Floating on the
Great Salt Lake
Courtesy & © Mary HeersAll of last year, the news about the Great Salt Lake was going from bad to worse. We began to hear dire predictions that the shrinking lake might disappear altogether.
Then, finally, with some legislative action and a big boost from record snow and rain, the water level began to rise. The marina on the southern tip of the lake opened up.
I grabbed the chance to take a boat ride out onto the lake. The water was calm and smooth and Fremont Island loomed large ahead. We were the only boat out there.
Ah, I thought, this is a lot like Kit Carson and John Fremont must have seen the island when they paddled up to it in 1843.
The boat operator told us some early history of the island. In 1859 two brothers, Henry and Daniel Miller, took 153 sheep out to the island and left them there. It seemed ideal – plenty of grass, adequate fresh water’ and no wild beasts. So, no need to leave a herder.
The brothers returned periodically to shear the sheep. They also built two huge vats, lit a fire of sagebrush under them, and boiled the lake water down to salt.
Business was good. Boatloads of salt were sold to the silver mines in Montana who needed it in their operations. The excess lambs were taken to market and sold.
By now the sheep, left alone on the island for long stretches of time, were becoming wild as deer. One roundup, some sheep were so determined not to get caught that they took off swimming away from the island. They were still going when they disappeared over the horizon.
But the story really took a turn when a judge from Salt Lake, Uriah Wenner, took advantage of the Desert Land Act intended to encourage irrigation and farming in the west. He filed a claim on the island and evicted the sheep. It was 1885, and Jacob Miller, now in charge of the Miller family sheep operation on the island was a polygamist “in hiding.” He didn’t dare go to court to challenge the claim.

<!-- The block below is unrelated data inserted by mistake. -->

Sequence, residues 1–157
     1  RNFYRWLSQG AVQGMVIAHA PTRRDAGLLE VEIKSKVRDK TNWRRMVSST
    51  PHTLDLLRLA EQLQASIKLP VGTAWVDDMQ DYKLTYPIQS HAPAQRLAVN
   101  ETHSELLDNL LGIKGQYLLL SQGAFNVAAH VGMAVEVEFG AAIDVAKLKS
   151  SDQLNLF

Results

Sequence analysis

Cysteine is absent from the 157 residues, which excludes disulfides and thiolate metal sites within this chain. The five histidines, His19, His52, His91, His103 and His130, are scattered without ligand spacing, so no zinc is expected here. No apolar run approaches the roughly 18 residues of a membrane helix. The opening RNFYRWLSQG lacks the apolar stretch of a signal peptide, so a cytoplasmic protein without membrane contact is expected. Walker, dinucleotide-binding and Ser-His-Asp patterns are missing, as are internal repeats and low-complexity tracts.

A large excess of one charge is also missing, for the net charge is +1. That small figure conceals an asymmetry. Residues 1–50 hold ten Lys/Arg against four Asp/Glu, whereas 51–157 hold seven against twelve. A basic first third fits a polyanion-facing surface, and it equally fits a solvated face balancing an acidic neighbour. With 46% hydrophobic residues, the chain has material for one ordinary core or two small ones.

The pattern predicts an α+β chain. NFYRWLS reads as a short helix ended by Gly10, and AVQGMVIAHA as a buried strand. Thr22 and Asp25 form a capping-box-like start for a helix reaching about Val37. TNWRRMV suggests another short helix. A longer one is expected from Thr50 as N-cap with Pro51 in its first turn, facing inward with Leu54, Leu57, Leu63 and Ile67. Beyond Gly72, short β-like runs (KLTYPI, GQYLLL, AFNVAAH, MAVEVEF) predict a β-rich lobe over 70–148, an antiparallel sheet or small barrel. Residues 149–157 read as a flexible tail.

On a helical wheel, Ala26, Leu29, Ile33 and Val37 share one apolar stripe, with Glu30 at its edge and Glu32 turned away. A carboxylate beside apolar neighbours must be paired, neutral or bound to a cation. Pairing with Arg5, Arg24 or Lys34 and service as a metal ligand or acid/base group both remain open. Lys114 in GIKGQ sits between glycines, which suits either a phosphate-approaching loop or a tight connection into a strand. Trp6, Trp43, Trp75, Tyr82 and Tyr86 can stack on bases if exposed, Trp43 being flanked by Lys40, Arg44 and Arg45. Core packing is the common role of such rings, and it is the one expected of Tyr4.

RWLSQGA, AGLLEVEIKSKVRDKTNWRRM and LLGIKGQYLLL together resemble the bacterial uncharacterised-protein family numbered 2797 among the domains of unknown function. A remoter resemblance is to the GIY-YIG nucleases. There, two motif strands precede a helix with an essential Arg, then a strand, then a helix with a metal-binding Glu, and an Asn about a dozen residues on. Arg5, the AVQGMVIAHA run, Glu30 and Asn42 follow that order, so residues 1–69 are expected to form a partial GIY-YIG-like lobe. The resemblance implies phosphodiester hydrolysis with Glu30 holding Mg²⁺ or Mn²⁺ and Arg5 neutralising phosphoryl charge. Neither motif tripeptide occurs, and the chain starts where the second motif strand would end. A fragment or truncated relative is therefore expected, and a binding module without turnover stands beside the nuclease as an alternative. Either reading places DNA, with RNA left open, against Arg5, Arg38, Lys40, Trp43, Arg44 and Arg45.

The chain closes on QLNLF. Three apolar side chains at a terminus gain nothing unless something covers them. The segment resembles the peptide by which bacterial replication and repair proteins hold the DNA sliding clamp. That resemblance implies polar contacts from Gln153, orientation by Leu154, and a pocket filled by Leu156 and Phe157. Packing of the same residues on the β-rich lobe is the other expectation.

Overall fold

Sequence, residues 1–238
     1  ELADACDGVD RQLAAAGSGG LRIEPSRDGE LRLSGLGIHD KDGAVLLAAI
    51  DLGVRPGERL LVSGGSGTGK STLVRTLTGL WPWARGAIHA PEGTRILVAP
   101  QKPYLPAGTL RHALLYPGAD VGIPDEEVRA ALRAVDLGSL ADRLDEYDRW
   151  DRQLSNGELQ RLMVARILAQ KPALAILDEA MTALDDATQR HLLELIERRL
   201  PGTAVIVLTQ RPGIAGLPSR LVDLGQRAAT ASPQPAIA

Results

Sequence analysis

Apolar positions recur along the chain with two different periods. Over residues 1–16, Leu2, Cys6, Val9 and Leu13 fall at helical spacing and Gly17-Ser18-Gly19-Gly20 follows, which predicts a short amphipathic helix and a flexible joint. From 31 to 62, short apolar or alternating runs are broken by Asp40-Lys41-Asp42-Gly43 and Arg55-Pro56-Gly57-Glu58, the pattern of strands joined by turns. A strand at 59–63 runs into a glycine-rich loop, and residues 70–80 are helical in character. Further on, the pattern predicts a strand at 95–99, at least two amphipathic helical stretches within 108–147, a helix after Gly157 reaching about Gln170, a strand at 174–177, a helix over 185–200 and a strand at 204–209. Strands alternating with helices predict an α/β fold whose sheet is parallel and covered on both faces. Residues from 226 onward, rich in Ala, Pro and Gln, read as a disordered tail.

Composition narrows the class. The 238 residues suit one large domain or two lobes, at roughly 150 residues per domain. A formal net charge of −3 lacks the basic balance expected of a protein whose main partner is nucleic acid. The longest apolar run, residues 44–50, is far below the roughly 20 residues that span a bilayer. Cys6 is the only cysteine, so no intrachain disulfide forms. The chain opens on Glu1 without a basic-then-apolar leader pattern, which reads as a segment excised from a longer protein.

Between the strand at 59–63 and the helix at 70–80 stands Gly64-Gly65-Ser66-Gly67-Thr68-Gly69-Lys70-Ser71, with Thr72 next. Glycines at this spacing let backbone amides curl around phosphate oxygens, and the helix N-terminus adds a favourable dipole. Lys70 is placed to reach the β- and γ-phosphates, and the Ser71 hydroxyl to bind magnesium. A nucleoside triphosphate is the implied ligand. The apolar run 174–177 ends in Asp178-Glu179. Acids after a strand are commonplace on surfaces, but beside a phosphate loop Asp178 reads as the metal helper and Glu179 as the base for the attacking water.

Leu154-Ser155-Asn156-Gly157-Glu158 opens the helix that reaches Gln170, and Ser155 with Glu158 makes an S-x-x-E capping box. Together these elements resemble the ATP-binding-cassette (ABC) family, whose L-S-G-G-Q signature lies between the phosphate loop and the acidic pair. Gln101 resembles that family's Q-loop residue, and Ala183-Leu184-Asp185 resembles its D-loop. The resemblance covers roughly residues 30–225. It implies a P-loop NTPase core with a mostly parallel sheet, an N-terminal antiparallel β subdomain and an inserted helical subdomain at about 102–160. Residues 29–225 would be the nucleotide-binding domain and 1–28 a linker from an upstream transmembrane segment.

As the last of the sheep were taken off the island, they were placed in the custody of an experienced herder. The herder was just beginning to cook his breakfast in his hut.
“You’d better watch these sheep,” he was warned.
“Don’t tell me how to herd sheep,” said the herder.
He finished his breakfast. When he came out of his hut, the sheep were gone.
The story ended, but the best was yet to come. The boat stopped and my husband and I slid into the water off the back of the boat.
Gleefully we bobbed around like corks. It was impossible to sink. I flipped on my back and stretched out. It would have been easy to doze off. Buoyancy at its best.
The current salinity of the Great Salt Lake is 16%. That’s just about halfway from the oceans at 3½ and the saltiest water on earth – the Dead Sea at 33%
The Great Salt Lake is our unique treasure. But it’s future is still at risk. Will we keep it or lose it?
This is Mary Heers and I’m Wild About Utah.
Photos: Courtesy & Copyright Mary Heers, Photographer
Featured Audio: Courtesy & © Kevin Colver, https://wildstore.wildsanctuary.com/collections/special-collections
Text: Mary Heers, https://cca.usu.edu/files/awards/art-and-mary-heers-citation.pdf
Additional Reading: Lyle Bingham, https://bridgerlandaudubon.org/
Wild About Utah, Mary Heers’ Postings
Seymour Miller’s Account of an Early Sheep Operation on Fremont Island (Edited by David H. Miller and Anne H. Eckman,) Utah Historical Quarterly, Volume 56, Number 2, 1988, Utah State History, https://issuu.com/utah10/docs/uhq_volume56_1988_number2/s/157386
Great Salt Lake Collaborative, Solutions Journalism Network, https://greatsaltlakenews.org/